New Novel Explores Life on a 19th Century Plantation in Puerto Rico
History aficionados will find “Conquistadora” a fascinating text with detailed views of a Puerto Rican sugar cane plantation in the mid-19th century.
By Rafael Ocasio
Esmeralda Santiago was born in the working-class neighborhood of Villa Palmeras, in Santurce, in the outskirts of San Juan, Puerto Rico, in 1948. In 1961, when she was barely a teenager, she arrived in the United States in as part of a post-war immigration wave that would eventually relocate nearly one-third of the Puerto Rican population into Northeastern American cities. Her experiences in coping with cultural differences, those separating an urban American lifestyle from the traditions of impoverished Puerto Rican communities, are the main subject of her memoirs, including “When I Was Puerto Rican”.
Santiago’s works trace women’s struggles against insurmountable odds in patriarchal societies, both in Puerto Rico and in the United States. Her most recent novel, “Conquistadora”, described by Publishers’ Weekly as “the Puerto Rican “Gone with the Wind”,” offers an in-depth look at the emerging Puerto Rican identity in the setting of a 19th-century sugar cane plantation. Amid the colonial abuses of a slavery-based system the novel follows the lives of fictional historical characters. Among them is a feisty female protagonist, a conquistadora, who symbolically attempts to conquer the chauvinist Spanish colonial power imposed upon Puerto Rico. She represents in the broader image a more complex political picture of the desperate, imperialistic practices of a declining empire. The 19th century, as Santiago has described it, “was a period of technological advances, political turmoil around the world, and, as another character in “Conquistadora” notices, the beginnings of a distinct Puerto Rican identity.”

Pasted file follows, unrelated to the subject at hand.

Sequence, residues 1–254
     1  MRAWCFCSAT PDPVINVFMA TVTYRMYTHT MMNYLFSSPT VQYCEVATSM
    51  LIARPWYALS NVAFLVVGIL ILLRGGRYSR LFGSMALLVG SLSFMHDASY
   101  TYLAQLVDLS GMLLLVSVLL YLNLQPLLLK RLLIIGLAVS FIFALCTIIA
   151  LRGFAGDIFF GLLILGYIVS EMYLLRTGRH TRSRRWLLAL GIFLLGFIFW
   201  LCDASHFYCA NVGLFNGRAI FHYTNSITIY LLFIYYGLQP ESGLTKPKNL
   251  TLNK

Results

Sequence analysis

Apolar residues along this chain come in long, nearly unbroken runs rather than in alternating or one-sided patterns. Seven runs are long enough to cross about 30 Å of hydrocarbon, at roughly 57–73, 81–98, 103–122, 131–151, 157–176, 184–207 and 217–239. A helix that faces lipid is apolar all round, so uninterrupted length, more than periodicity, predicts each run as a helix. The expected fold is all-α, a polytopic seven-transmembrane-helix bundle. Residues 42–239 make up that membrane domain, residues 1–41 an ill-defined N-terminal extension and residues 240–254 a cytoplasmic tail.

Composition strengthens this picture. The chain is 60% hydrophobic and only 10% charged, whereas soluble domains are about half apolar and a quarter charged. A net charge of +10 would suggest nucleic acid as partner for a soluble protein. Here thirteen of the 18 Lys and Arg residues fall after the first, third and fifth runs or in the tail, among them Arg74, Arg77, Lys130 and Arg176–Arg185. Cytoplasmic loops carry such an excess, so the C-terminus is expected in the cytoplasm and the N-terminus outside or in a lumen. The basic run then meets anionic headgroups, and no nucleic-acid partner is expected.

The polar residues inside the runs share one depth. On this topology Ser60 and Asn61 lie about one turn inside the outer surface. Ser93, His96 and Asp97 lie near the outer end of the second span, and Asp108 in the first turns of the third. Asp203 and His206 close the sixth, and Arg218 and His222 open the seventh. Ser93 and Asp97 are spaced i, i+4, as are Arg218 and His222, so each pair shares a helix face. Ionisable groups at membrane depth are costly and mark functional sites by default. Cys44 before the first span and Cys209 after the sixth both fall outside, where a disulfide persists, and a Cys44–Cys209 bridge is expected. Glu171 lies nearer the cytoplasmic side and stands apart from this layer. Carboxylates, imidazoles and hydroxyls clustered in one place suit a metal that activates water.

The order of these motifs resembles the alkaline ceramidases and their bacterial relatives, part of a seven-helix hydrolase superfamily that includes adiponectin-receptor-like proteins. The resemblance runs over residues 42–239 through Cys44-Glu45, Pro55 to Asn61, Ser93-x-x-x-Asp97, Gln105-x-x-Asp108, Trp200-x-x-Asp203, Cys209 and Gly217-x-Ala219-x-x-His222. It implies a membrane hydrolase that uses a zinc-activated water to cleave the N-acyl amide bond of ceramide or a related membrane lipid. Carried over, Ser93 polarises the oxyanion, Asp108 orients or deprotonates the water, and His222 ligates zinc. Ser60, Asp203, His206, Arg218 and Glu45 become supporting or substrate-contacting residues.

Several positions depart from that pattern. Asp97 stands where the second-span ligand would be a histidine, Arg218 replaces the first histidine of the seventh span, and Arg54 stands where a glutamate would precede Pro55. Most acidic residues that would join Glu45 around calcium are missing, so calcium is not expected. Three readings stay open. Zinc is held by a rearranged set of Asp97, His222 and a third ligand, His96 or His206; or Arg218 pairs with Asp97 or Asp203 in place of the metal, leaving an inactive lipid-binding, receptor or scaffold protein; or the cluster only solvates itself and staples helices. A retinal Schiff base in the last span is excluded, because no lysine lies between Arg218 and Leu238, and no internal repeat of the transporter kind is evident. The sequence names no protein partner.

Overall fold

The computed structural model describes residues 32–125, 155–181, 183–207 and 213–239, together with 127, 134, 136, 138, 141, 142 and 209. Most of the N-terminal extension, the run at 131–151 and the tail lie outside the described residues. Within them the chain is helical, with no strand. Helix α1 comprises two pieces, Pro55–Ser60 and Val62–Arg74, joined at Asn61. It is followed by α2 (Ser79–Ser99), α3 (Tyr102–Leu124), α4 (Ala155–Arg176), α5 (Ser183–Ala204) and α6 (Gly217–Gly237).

In a comprehensive historical approach to the development of the Puerto Rican nation, Santiago’s novel begins with an idyllic view of the Taínos, the indigenous population of Boriken, today called Puerto Rico, prior to the arrival of conquistador Juan Ponce de León. The impact of the conquest on this population was overwhelming, resulting in their extermination. In their place, African slaves were imported to the island, where they became not only the workers in massive construction projects and, most particularly, on the sugar cane plantations, but they were also the “populist” element of an emerging Puerto Rican identity. The Creole syncretism, i.e. combination of different beliefs, resulting from the merge of the various types of African religions with the equally diverse Catholic practices of the different Spanish groups is an important aspect of Santiago’s novel.
The novel explores the culture of sugar cane plantations, which in the 19th century were Puerto Rico’s main source of income and the reason behind Spain’s stern control over the island. In the beginning of the plot, Ana Larragoity Cubillas, a dreamy, feisty Spanish teenager, struggles with the social impositions of her upper-class upbringing. Going against the traditional path of marriage, Ana wants to experience the adventures of a remote forefather, who had been part of Ponce de León’s army in his conquest of the Boriken.
Her dream comes true when Ana meets twin brothers, Ramón and Inocente, whose family had just inherited a rundown sugar cane plantation on the northern coast of the island. They are the brothers of Ana’s best friend Elena, with whom Ana develops an intimate sexual bond. Unknown to the brothers, they become part of an intricate plan that Elena and Ana hope will keep them together in Puerto Rico. Fate interrupts Ana’s and Elena’s dreams. Ana marries Ramón, who subjects her to a loveless marriage, in a setting that, in spite of her yearning for adventures, proves too overwhelming for her to handle. In the end, Ana comes to fulfill her dreams, however, not as she has carefully planned, but as fate intends.
History aficionados will find “Conquistadora” a fascinating text with detailed views of a Puerto Rican sugar cane plantation in the mid-19th century. The novel takes on a different direction when Ana becomes an unwilling plantation administrator, symbolically a heartless conquistadora, who has to deal with obstacles that women endured in the rather traditional Puerto Rican society, hanging on to the conservative gender-biased elements of Spanish society. One aspect that makes this portrayal different is the detailed view of the lives of rural slaves, particularly women, whose customs are the precursors of traditions in the Puerto Rican countryside of today.